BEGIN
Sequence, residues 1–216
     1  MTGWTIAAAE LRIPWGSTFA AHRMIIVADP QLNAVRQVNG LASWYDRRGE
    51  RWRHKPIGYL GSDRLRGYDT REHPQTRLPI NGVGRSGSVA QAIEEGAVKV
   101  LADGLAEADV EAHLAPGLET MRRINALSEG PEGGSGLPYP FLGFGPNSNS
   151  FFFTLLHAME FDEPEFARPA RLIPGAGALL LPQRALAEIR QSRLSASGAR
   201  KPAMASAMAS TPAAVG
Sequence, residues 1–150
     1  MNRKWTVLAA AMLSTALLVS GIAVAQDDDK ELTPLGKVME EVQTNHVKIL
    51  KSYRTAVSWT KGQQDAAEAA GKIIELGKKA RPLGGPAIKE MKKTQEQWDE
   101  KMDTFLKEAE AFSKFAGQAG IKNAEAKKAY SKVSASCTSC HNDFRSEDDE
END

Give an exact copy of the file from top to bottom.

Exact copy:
Sequence, residues 1–216
     1  MTGWTIAAAE LRIPWGSTFA AHRMIIVADP QLNAVRQVNG LASWYDRRGE
    51  RWRHKPIGYL GSDRLRGYDT REHPQTRLPI NGVGRSGSVA QAIEEGAVKV
   101  LADGLAEADV EAHLAPGLET MRRINALSEG PEGGSGLPYP FLGFGPNSNS
   151  FFFTLLHAME FDEPEFARPA RLIPGAGALL LPQRALAEIR QSRLSASGAR
   201  KPAMASAMAS TPAAVG
Sequence, residues 1–150
     1  MNRKWTVLAA AMLSTALLVS GIAVAQDDDK ELTPLGKVME EVQTNHVKIL
    51  KSYRTAVSWT KGQQDAAEAA GKIIELGKKA RPLGGPAIKE MKKTQEQWDE
   101  KMDTFLKEAE AFSKFAGQAG IKNAEAKKAY SKVSASCTSC HNDFRSEDDE